Album Review: London’s Pumarosa gets supernatural on debut album, The Witch

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Pumarosa

Listening to “Dragonfly,” the opening track on Pumarosa’s debut album, it’s easy to imagine how the song could fill the abandoned Italian theater in which the band honed their sound. With bass riffs that would echo off cavernous walls, distortion that might vibrate from floor to ceiling and frontwoman Isabel Munoz-Newsome’s Bjork-like vocals, “Dragonfly” helps set the scene for The Witch, as well as the band itself.

The Witch
Pumarosa
May 19

London-based Pumarosa’s origin dates back to a failed rehearsal for a project for which only Munoz-Newsome and now-drummer Nick Owen showed up. The two eventually added bassist Henry Brown, saxophonist Tomoya Suzuki and guitarist Neville James before an artist offered them a residency in his unused theater in southern Italy.

That setting, combined with Munoz-Newsome’s theatrical background, helped develop the band’s hypnotic brand of alien pop previously displayed on their 2016 self-titled, three-track EP. With the help of producer Dan Carey, the band was able to produce The Witch, a haunting, yet danceable 10-song album with possible influences ranging from Blonde Redhead to Jagwar Ma to Florence and the Machine.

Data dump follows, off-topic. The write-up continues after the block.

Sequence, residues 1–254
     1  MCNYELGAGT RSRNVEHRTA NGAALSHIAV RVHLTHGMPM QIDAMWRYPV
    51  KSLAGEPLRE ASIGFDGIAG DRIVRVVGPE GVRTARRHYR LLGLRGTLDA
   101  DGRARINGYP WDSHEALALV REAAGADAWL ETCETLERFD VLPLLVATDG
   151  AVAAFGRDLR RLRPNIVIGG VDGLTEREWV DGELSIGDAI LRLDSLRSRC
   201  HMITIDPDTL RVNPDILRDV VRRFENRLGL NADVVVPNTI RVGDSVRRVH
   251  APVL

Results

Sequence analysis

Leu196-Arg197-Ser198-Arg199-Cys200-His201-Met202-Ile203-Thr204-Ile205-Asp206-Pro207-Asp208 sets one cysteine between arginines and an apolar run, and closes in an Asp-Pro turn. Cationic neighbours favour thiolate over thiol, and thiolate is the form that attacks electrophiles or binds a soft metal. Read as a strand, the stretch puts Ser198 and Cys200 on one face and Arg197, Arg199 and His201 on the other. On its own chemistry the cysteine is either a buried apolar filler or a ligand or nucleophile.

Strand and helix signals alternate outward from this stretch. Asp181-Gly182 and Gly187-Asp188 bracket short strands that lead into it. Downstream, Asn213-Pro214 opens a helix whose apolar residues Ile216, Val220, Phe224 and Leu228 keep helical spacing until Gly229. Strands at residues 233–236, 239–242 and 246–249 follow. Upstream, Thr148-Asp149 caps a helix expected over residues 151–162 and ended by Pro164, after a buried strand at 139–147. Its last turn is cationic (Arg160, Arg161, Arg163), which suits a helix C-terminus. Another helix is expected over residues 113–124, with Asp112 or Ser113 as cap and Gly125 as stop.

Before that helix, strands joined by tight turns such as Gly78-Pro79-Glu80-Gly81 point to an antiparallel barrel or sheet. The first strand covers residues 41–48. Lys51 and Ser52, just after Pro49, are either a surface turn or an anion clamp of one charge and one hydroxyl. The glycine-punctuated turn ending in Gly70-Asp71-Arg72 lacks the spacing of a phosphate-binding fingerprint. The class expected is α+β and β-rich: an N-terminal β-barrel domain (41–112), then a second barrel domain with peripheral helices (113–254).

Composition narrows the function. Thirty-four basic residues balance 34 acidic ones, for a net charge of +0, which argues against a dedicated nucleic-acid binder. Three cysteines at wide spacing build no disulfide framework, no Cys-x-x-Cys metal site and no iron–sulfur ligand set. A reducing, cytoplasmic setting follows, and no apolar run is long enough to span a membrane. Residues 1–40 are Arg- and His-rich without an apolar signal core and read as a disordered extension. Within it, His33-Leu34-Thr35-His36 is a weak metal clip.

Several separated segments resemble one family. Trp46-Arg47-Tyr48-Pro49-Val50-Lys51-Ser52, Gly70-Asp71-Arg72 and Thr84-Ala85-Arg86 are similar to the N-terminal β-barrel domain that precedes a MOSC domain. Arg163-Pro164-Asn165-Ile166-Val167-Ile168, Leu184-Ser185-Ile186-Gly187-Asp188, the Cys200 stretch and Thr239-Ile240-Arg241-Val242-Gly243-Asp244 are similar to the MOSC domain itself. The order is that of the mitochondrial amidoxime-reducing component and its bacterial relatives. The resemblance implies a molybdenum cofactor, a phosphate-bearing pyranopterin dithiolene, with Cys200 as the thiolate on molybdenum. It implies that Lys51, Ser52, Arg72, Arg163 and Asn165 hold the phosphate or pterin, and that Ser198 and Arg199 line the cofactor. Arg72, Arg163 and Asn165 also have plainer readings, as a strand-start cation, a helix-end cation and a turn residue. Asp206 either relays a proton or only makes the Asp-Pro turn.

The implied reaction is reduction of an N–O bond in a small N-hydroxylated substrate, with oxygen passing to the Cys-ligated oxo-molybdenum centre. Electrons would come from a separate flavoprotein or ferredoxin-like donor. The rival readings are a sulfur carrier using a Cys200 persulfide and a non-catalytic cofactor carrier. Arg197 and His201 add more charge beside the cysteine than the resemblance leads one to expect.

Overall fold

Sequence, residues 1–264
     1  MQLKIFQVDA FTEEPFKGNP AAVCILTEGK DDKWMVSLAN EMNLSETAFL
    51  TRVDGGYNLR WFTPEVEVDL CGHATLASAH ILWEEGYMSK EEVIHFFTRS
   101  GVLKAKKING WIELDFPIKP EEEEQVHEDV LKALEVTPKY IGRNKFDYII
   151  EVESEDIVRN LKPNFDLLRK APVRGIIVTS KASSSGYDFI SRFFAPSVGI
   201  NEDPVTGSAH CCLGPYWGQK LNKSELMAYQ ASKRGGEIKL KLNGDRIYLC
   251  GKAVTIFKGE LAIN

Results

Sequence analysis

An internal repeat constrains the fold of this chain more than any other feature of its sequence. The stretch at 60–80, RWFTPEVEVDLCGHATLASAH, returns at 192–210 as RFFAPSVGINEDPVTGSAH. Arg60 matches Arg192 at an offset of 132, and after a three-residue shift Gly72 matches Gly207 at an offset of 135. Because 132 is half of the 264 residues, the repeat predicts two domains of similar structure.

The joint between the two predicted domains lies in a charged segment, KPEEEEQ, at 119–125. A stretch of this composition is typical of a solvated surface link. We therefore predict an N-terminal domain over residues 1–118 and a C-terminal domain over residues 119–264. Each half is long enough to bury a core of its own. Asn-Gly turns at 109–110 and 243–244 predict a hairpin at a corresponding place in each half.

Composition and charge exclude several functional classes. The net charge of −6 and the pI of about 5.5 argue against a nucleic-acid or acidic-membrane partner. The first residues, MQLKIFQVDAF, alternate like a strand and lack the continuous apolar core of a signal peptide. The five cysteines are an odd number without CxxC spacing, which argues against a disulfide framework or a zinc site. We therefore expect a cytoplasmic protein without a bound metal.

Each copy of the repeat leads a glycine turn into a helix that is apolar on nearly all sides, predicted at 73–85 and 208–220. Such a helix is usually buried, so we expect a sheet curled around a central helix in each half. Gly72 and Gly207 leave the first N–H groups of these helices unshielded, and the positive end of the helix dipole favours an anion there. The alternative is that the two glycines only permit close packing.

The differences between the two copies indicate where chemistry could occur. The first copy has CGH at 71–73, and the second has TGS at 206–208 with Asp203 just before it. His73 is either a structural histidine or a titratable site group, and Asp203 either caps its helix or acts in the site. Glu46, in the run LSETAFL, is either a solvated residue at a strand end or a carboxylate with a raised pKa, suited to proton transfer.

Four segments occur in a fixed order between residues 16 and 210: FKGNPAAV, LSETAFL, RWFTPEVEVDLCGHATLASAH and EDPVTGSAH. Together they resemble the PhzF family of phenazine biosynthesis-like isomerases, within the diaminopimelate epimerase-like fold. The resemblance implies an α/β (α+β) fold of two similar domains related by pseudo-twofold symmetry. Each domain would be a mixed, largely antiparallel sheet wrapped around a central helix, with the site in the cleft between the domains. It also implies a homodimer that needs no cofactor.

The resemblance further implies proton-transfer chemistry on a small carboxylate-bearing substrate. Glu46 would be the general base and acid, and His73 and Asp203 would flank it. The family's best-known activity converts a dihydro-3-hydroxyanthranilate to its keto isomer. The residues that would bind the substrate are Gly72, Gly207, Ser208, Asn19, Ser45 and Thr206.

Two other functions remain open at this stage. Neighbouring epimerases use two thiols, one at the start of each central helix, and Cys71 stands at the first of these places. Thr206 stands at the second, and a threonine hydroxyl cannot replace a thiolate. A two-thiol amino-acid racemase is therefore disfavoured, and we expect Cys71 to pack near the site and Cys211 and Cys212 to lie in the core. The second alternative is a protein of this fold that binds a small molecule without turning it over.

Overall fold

It opens with “Dragonfly,” an alt-rock anthem about opening up to new experiences, despite the emotional risk of doing so. “The more you give/ The more you have to lose,” Munoz-Newsome croons.

From there, the album bounces around to the more uptempo “Honey,” which is layered in synth and guitar, to saxophone-laden “Priestess” and electro-pop “My Gruesome Loving Friend.” Though the sound varies considerably from one song to the next, Munoz-Newsome’s lyrics focus on female archetypes.

“Women’s characters and feelings, sexual or otherwise, are comparatively unexplored compared to male-female relationships or male-male,” she said in a statement. “‘The Witch’ is the song around which everything revolves. She is the female effigy meant as a warning to women, but taken as a symbol of resilience and power.  She’s branded as negative, sent underground and burnt at the stake a thousand times. But she’s still here, and we love her.”

Loose, yet mesmerizing, angsty, yet freeing, The Witch is a solid debut for the five-piece band as they explore new sounds–hopefully far beyond the walls of that Italian theater.

Follow journalist Brandi Smith on Twitter, Facebook and BrandiSmith.me.

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